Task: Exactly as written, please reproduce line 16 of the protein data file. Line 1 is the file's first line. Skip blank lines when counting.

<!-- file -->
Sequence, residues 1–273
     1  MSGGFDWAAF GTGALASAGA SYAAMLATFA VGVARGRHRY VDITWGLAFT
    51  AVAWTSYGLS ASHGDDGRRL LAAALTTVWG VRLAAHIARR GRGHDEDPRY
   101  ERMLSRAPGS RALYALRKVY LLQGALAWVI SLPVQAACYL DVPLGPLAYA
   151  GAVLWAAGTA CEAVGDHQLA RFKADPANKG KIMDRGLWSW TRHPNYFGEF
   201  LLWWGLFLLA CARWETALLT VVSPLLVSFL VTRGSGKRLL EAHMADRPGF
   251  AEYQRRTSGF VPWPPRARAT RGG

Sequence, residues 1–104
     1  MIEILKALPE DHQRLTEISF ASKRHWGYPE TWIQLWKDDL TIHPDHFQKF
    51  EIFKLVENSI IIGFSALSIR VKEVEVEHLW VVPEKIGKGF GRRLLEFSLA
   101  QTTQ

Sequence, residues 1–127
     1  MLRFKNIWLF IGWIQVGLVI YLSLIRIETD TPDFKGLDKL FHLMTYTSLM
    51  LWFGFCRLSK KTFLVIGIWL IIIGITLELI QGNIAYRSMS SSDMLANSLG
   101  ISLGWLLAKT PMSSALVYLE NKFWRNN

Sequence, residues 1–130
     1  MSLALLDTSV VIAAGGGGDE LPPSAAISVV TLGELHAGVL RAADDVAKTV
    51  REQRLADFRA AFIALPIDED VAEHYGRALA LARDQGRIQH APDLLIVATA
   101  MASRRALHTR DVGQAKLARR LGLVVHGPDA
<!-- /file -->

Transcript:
Sequence, residues 1–130